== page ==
To prepare you for your upcoming Career Expo, engage in the following card sort activity to practice and visualize setting up your event. Each card represents one of the 16 career clusters. You will use a top-down view of a sample basketball gym floor to strategically place the cards around the gym, to simulate the layout of your Career Expo. 

Print off the attached Career Expo Gym Set-Up handout and the attached Career Cluster Cards. Cut the Cluster Cards into their individual pieces. You will have two clusters each, totaling 32 cards. You can print off more handouts as needed. Once you have cut out your cards, lay them out across the Career Expo Gym Set-Up handout and strategically plan out your expo. If you are not hosting an expo on your basketball gym floor, you can use a marker or pen to draw the shape of the space you plan to host it in. Be sure to think about where you want your students to enter and exit the expo. If your school has participated in past K20 Career Expo events, think about where you would put the career cluster banners and stands. 

If you are hosting your expo on a basketball court, be sure to communicate this with the necessary stakeholders to take appropriate actions to protect the gym floor (e.g., lay out a floor tarp and waterproof floor mats). 

After you have the layout of your expo mapped out, consider assigning booths strategically—colleges, career clusters, military, etc., grouped together. Design and print off the attached Volunteer Table Tents for each of your volunteers and make sure you have an accurate head count for chairs. 

What Information Do Your Volunteers Need? 

Send Email Template 3 to your volunteers during this step (a week before your event is a good rule of thumb). Edit the email template based on your information and needs. Be sure to share your contact information with your volunteers to avoid any miscommunication or issues on the day of the event.

Day of Event

300 Minute(s)

Finish last-minute preparations for the event—i.e., have enough tables, chairs, and help. If needed, consider recruiting students to help set up the event. Consider using stanchions to help with the flow of traffic; also use directional signs. If you haven’t already, pull out and display K20 career cluster banners throughout the event space. 

To ensure students are intentionally engaging with the volunteers, distribute the attached During Expo BINGO! handout. You may modify this handout as needed. This will allow students to ask volunteers different questions based on the squares they are missing. Consider providing your volunteers a set of stickers or stamps to mark the students’ cards.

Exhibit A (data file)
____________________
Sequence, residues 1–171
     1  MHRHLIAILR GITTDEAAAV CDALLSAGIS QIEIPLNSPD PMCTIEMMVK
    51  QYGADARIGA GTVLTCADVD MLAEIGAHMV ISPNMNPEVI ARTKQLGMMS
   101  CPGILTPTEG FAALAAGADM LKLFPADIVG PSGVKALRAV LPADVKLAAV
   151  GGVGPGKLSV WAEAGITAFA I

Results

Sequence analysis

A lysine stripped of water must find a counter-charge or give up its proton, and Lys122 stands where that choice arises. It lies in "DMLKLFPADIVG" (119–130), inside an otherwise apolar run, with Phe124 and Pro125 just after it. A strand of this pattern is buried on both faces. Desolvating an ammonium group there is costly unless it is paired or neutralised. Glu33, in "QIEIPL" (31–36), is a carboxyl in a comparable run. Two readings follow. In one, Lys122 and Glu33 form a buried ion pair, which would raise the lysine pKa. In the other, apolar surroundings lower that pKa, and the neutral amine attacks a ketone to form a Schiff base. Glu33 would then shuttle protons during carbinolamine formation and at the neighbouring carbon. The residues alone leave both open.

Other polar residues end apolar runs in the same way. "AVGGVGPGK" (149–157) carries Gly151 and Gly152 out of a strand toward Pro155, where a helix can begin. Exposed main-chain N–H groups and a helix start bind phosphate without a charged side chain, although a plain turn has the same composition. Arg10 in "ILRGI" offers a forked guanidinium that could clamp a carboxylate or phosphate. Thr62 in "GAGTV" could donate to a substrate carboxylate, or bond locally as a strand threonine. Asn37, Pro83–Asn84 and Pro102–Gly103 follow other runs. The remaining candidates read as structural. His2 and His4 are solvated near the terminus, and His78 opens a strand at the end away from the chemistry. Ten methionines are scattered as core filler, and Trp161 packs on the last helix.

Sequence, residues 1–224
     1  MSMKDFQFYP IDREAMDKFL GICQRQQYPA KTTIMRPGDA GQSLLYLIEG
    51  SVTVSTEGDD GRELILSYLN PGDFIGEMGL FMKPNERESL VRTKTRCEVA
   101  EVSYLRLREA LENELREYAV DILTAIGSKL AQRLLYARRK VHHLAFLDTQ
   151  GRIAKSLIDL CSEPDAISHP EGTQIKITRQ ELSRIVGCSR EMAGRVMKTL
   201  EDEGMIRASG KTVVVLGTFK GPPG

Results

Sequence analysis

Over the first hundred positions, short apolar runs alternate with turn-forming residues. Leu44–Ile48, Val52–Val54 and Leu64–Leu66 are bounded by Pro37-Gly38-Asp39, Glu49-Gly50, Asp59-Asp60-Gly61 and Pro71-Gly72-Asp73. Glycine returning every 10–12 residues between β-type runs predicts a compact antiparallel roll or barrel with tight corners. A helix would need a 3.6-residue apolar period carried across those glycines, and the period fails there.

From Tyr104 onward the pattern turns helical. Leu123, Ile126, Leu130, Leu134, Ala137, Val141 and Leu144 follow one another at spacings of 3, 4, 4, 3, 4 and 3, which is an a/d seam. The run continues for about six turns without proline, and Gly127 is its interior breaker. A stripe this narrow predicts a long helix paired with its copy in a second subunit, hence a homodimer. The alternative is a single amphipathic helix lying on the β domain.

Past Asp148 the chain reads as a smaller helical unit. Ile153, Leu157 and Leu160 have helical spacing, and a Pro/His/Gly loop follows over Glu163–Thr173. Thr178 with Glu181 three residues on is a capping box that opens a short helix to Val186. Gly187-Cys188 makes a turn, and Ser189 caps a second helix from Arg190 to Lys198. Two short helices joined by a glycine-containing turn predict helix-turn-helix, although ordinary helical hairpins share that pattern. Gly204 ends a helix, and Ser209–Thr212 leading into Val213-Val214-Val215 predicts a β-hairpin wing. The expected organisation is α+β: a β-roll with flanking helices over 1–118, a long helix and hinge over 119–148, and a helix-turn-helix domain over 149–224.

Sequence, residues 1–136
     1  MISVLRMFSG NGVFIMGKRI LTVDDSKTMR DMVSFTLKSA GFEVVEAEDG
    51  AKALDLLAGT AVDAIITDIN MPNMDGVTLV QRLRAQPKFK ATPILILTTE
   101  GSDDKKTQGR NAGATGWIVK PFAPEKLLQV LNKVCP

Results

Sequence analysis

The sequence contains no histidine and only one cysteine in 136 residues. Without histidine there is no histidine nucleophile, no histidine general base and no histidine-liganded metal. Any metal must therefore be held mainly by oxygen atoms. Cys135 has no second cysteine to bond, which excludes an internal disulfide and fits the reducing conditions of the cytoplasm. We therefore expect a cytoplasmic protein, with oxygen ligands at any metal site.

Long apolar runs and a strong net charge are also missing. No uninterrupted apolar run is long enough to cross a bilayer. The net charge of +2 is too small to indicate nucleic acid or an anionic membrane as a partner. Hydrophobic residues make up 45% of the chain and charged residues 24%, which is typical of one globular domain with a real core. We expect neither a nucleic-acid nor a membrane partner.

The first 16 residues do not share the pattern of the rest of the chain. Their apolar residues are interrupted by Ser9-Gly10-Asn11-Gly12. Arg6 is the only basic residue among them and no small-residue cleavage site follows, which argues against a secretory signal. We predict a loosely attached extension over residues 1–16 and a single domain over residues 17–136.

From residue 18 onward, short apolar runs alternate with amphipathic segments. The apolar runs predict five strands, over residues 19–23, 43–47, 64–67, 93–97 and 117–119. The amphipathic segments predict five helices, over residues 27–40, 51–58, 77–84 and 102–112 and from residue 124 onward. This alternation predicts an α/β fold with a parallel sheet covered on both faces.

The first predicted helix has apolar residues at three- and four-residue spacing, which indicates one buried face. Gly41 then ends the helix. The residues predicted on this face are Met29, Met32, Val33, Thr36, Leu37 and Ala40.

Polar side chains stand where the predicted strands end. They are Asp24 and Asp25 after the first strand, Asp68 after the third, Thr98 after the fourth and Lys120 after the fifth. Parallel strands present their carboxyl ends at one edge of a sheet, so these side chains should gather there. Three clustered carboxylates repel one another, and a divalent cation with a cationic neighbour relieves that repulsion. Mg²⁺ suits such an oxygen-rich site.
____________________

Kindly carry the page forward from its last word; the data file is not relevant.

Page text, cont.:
If you are providing lunches for volunteers, make sure it’s on the agenda you send to your volunteers but also remind them at the event. Consider having a designated area for food pickup, or a student worker helping distribute them. 


Make sure that all tables and chairs make it back to their designated spaces. Pick up any trash, including volunteer table tents left behind, lunches, etc.


30 Minute(s)

Student Wrap-Up

To help students remember what they learned from your expo event, have them complete a reflection activity found on the back of the During Expo BINGO! handout. After completing the final “3-2-1 Reflection” activity, have students turn in their handout for proof of attendance. 

Event Wrap-Up

Using Email Template 4, be sure to follow up with the volunteers and thank them for their time. This will also give you the chance to ask any follow-up questions, collect any newly gained contacts, and see if there are any next steps for future events.

Research Rationale

Secondary school is essential in developing a student's life, interests, future career, and educational trajectory. Students often use their personalities and interests to help form career decision-making skills throughout their lives, but it becomes more prominent in secondary education as they approach adulthood. Personality traits "influence career adaptation by facilitating, or deterring, behavioral performances" (Lent & Brown, 2013, p. 563). Holland's theory of vocational choice notes that "the individual career satisfaction is based on the fit or congruence between the career personality and the environment of the work" (Zainudin et al., 2020, p. 884).

By connecting personality traits and interests, students begin to build self-efficacy in career decision-making as they become more confident in engaging in career exploration (Lent et al., 2016). This connection increases an individual's environmental fit and "level of congruence" within an organization (Zainudin et al., 2020, p. 884). One study of 4,834 secondary-aged students aimed to gauge the helpfulness of career talks in their schools (Kashefpakdel & Percy, 2017). The study showed that 2,660 (55%) of students rated participation in career talks quite helpful, while 1,196 (24.7%) rated the talk very helpful (Kashefpakdel & Percy, 2017).

This study shows that nearly three out of four students that participated in a career talk gained beneficial career knowledge from their guest speaker. Similarly, Covacevich et al. (2021) support this idea by stating that students who are engaged in guidance activities they felt were useful to them seemed likely to consciously gain value. Therefore, career interventions such as guest speakers play a significant role in shaping the career decision-making process of individuals. Career experts and professionals bring real-world experiences, insights, and knowledge to students during the critical career decision-making period.